It took four minutes for a dispatcher from Alberta Health Services (AHS) to tell paramedics going to a choking incident why they were being dispatched this past month, says Jody Butz, the municipality’s fire chief and emergency management director.
Butz said the same dispatch system tried sending a ground ambulance to someone having an allergic reaction in a forested area north of the Fort McKay First Nation in July. The individual told the dispatcher they could not be reached by any roads, but it took 15 minutes for a helicopter to be sent instead.
Those same ground ambulances have been asked to respond to incidents near Uranium City, Sask. since AHS’ centralized dispatch system took over in January, said Butz. It is impossible to drive to the community from anywhere in the municipality without winter roads.
Medical privacy laws prevent Butz from saying what happened to the people in these incidents, but he confirmed at least one medical emergency near Draper has ended in a death. Butz said AHS’ response was “unacceptable,” but could not legally provide more details.
“This is alarming and it’s happening across the province,” said Butz in a Friday interview. “The province said there would be no degradation in service. The minister said that… Months after this transition, we’re seeing these gaps in service.”
Butz’s comments came a day after the municipality asked the province to let its own Emergency Communication Centre dispatch EMS calls. A spokesperson for Alberta Health Minister Tyler Shandro did not return requests for comment.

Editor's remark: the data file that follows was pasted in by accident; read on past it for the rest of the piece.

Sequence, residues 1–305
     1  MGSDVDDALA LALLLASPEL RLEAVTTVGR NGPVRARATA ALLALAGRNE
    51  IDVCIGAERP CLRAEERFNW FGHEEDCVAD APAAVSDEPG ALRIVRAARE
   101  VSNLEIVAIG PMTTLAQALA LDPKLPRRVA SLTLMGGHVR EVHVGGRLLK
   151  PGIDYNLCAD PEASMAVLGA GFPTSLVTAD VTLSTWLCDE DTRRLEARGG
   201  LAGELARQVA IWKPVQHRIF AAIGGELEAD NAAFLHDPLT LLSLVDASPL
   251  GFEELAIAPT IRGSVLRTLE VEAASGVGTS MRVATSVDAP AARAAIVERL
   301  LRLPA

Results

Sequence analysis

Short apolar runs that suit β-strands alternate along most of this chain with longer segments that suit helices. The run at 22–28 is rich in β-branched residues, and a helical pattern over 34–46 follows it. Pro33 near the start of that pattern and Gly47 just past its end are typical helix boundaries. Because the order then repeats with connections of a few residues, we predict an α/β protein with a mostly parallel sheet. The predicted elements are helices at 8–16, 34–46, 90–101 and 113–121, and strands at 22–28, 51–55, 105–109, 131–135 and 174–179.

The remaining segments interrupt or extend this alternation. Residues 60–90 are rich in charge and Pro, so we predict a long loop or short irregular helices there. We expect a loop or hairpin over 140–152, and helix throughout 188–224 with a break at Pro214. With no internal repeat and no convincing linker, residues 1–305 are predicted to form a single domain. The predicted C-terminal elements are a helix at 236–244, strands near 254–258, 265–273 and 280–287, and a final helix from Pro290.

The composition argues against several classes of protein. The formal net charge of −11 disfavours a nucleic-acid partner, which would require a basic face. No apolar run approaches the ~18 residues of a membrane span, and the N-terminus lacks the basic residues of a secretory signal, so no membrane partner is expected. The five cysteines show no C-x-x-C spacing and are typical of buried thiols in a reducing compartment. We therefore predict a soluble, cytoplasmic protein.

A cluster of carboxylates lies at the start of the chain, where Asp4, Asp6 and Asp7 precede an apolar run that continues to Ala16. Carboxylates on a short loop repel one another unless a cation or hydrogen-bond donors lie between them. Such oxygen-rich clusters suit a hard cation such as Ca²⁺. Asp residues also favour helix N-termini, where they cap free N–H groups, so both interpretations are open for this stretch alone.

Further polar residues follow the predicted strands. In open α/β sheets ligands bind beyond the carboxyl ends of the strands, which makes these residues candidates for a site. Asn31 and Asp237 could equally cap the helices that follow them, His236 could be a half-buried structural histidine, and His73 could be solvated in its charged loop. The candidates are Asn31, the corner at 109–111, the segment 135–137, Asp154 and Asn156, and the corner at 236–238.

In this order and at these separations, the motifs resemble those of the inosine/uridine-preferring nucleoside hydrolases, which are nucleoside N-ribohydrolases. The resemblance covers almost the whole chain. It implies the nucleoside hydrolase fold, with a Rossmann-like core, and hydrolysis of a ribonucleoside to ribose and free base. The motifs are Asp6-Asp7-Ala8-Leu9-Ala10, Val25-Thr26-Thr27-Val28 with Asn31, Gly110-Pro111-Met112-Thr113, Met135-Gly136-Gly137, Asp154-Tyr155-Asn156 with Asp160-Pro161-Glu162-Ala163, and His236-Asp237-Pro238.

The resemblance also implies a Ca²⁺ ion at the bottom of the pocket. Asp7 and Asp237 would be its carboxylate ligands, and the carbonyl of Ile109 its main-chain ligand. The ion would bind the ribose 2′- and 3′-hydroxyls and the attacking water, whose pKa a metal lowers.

“We’re qualified to provide a high-quality service, just as we did for 40 years. We want the approval to operate as a dispatch centre,” said Butz. “We are still an accredited dispatch centre that’s still dispatching fire. We’re well positioned and well equipped to provide EMS dispatch services throughout the region.”
Municipal council, every First Nation and Métis community in the area, the union representing local firefighters and UCP MLA Tany Yao feared handing EMS calls to dispatchers outside the community would delay response times. Council unanimously offered to fund local EMS dispatchers.
Premier Jason Kenney, Alberta Health Minister Tyler Shandro and AHS Chief Paramedic Darren Sandbeck have argued most of Alberta already uses the centralized system and municipal complaints about certain incidents are unfounded.
The Alberta Court of Queen’s Bench granted a temporary injunction against the municipality after council unanimously voted to stop sending 911 EMS calls to the AHS system at a Feb. 9 meeting. The municipality is challenging the injunction in court, which has yet to be scheduled.
A working group ran between March and May with political and emergency leaders from the municipality, Calgary, Red Deer and Lethbridge—who were also switched to the centralized dispatch system—to work with AHS on the issue. Butz said no progress was made.
“The provincial government just refuses to acknowledge the problems we’re facing,” he said. “It’s a bad state of affairs out there.”